3.5" Amethyst Crystals on Sparkling Quartz Chalcedony - India

This is a stunning, 3.5" wide specimen that features amethyst crystals that formed over druzy quartz chalcedony, collected from Madhya Pradesh, India. This formation occurred within a cavity/vug in the basalt host rock. Apophyllite, barite, chabazite and julgoldite crystals have also been reported as being present within some of these vugs. Based on the luster and striations of the additional colorless crystals within this cavity, it is likely that they're apophyllite.

Comes with an acrylic display stand.

Amethyst is a purple variety of quartz (SiO2) and owes its violet color to natural irradiation, iron impurities, and the presence of trace elements, which result in complex crystal lattice substitutions. It’s considered a semi-precious gemstone, and just two centuries ago was considered to have a value on par with diamonds, sapphires and rubies. The largest and best known amethyst deposits occur in southern Brazil and Uruguay but many localities around the world produce an amazing variety of amethyst crystals and formations.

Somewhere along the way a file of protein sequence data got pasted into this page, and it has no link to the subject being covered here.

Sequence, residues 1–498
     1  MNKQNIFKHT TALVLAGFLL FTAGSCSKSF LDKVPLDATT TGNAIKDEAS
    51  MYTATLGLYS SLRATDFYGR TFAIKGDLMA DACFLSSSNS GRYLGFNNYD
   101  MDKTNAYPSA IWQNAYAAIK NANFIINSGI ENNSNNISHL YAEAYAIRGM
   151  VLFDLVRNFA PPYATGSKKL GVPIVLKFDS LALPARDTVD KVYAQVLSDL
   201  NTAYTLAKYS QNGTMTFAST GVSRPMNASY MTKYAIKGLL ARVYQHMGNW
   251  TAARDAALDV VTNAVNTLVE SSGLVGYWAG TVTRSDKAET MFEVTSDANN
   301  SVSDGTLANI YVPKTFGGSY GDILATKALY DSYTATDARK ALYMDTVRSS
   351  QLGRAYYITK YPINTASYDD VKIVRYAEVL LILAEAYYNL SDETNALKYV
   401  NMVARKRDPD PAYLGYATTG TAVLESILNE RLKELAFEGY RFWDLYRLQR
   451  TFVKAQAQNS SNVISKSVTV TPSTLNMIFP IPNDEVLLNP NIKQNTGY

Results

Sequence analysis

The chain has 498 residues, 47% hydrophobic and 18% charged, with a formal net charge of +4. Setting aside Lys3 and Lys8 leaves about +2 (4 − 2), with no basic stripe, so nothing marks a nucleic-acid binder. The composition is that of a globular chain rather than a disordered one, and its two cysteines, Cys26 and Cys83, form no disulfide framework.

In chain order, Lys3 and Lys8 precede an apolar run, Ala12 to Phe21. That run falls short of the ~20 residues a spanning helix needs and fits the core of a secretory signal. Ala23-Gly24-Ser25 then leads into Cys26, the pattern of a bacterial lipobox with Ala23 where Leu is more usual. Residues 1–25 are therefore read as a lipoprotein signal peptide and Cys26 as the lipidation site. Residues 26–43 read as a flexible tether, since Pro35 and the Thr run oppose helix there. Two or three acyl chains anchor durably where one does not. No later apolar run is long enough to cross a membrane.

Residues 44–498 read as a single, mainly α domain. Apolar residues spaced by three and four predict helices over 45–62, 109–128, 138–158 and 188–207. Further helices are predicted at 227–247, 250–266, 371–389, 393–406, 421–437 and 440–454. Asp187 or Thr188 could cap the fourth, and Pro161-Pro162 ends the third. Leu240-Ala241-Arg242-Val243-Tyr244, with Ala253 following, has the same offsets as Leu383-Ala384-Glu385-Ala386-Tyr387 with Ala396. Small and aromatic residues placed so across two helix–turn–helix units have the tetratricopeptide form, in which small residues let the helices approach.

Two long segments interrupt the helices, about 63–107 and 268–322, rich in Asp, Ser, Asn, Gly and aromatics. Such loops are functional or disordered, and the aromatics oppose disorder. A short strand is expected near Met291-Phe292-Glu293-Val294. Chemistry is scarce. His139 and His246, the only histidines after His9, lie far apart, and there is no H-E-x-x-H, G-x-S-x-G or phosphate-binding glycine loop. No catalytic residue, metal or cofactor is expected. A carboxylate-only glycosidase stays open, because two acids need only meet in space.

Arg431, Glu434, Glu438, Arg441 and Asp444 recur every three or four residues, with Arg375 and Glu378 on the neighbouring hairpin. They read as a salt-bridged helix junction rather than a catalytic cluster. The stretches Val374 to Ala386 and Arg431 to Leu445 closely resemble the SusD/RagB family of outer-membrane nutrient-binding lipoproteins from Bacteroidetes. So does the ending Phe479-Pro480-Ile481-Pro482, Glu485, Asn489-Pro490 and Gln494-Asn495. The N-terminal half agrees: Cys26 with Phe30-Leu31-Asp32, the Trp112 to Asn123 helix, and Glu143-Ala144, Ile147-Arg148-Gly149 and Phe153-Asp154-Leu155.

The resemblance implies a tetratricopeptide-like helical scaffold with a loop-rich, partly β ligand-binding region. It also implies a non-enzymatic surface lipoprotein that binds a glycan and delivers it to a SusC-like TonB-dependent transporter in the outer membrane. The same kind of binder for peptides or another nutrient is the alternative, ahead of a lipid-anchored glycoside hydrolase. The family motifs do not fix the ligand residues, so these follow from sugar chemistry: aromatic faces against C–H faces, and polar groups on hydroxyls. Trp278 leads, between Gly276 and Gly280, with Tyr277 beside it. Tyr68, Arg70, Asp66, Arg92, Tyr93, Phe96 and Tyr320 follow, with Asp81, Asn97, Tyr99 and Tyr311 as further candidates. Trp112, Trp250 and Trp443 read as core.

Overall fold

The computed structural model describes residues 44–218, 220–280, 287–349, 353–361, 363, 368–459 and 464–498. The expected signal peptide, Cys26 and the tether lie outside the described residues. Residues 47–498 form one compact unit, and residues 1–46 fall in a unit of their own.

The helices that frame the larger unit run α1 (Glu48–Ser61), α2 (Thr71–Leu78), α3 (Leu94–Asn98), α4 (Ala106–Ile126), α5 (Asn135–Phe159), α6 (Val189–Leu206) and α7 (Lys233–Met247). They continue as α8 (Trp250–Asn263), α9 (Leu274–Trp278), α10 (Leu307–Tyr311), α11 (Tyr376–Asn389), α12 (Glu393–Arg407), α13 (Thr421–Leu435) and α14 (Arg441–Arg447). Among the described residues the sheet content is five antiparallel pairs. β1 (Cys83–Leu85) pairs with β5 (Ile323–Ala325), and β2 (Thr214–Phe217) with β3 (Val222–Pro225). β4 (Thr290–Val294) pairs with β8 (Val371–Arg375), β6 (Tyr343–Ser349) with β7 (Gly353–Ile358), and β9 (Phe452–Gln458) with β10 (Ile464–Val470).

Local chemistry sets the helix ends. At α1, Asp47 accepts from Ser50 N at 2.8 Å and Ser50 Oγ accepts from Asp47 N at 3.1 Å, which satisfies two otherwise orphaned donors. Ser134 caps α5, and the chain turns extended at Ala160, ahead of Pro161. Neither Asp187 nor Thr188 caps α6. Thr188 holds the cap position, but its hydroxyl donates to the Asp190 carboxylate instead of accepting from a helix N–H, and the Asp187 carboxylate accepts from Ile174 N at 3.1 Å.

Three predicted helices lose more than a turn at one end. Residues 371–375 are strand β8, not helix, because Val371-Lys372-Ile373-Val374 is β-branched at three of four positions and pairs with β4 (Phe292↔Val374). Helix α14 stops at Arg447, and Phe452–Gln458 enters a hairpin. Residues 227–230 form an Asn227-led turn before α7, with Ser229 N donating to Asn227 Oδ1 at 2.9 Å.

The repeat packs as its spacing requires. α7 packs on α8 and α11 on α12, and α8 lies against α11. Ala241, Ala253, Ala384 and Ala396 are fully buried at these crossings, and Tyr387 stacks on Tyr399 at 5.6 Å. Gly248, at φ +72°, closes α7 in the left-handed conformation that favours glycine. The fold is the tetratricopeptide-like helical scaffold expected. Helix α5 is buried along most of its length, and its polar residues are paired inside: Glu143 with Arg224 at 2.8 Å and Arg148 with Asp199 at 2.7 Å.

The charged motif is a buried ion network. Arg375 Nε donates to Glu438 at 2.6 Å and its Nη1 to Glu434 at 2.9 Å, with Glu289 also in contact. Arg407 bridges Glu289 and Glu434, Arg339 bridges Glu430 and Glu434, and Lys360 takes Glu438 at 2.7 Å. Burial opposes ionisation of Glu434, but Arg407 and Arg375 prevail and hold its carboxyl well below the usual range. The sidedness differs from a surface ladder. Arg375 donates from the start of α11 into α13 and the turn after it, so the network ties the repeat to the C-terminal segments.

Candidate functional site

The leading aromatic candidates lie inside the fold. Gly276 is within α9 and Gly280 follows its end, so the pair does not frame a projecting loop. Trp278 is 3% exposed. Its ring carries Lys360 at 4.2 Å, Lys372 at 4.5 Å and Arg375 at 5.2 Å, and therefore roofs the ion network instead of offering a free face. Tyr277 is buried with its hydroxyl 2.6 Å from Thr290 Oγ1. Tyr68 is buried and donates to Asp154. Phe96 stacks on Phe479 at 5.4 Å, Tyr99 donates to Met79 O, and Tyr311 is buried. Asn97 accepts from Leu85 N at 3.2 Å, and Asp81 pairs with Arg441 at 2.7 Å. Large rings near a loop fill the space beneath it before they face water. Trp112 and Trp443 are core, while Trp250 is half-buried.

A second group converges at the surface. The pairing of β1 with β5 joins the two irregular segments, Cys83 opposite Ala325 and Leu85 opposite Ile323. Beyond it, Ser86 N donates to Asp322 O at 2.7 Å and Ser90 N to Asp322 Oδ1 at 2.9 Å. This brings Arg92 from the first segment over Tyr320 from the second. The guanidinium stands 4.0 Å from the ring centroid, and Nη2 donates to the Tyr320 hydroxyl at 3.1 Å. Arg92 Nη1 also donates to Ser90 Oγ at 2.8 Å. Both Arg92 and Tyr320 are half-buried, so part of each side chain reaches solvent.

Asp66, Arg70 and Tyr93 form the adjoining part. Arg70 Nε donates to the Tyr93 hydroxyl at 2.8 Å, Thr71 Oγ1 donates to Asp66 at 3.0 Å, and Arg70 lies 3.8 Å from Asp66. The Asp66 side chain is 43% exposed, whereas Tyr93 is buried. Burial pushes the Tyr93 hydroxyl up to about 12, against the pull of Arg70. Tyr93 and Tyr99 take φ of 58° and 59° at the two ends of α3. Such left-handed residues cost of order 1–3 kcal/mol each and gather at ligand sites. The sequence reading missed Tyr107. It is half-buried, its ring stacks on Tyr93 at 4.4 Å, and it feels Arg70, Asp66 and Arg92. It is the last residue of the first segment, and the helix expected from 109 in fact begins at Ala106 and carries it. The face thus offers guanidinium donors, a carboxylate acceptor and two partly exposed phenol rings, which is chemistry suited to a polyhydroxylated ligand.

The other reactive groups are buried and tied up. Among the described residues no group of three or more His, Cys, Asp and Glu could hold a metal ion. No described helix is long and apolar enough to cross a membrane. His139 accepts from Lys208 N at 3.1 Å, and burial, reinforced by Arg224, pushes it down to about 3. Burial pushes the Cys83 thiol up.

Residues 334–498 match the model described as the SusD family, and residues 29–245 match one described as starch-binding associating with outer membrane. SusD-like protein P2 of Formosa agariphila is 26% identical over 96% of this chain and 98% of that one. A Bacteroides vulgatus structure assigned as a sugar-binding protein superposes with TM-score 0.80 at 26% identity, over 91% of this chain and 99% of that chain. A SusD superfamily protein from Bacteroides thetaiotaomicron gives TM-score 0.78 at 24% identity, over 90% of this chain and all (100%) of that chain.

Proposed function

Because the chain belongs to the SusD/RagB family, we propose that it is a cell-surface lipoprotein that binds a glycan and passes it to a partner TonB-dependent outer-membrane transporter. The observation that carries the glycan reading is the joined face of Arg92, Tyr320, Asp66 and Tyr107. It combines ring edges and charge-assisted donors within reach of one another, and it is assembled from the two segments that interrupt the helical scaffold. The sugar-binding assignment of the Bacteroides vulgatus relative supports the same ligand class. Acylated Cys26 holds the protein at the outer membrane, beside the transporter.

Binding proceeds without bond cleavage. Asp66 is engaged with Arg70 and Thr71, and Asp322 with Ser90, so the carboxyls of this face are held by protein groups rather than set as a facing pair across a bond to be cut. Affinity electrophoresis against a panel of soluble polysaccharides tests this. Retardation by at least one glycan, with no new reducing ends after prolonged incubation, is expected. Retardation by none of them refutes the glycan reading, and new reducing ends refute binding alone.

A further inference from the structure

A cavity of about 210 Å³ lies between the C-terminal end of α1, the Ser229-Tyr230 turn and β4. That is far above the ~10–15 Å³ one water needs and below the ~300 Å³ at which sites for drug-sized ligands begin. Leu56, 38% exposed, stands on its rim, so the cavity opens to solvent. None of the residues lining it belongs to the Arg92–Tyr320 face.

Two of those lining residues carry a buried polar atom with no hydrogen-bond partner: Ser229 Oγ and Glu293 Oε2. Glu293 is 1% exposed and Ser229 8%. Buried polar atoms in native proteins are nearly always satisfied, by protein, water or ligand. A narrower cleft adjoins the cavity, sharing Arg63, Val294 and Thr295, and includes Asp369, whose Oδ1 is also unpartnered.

Chalcedony is any microcrystalline variety of silica composed of very fine intergrowths of quartz and moganite. Microcrystalline meaning the crystals are microscopic and cannot be observed by the naked eye. Both quartz and moganite have the same chemical formula SiO2 (silicon dioxide) but different crystal structures. When free from impurities, chalcedony is colorless and transparent. Dependent on impurities present during formation, chalcedony can form in a wide variety of colors including red, yellow, green, blue, purple, grey, white and numerous color hues in between. Chalcedony is quite hard, being a 7 on the Mohs Hardness Scale, which makes sense considering quartz is the benchmark mineral for a 7.

Quartz var. Amethyst & Quartz var. Chalcedony
Khadakwani, Madhya Pradesh, India
3.5 x 2.5"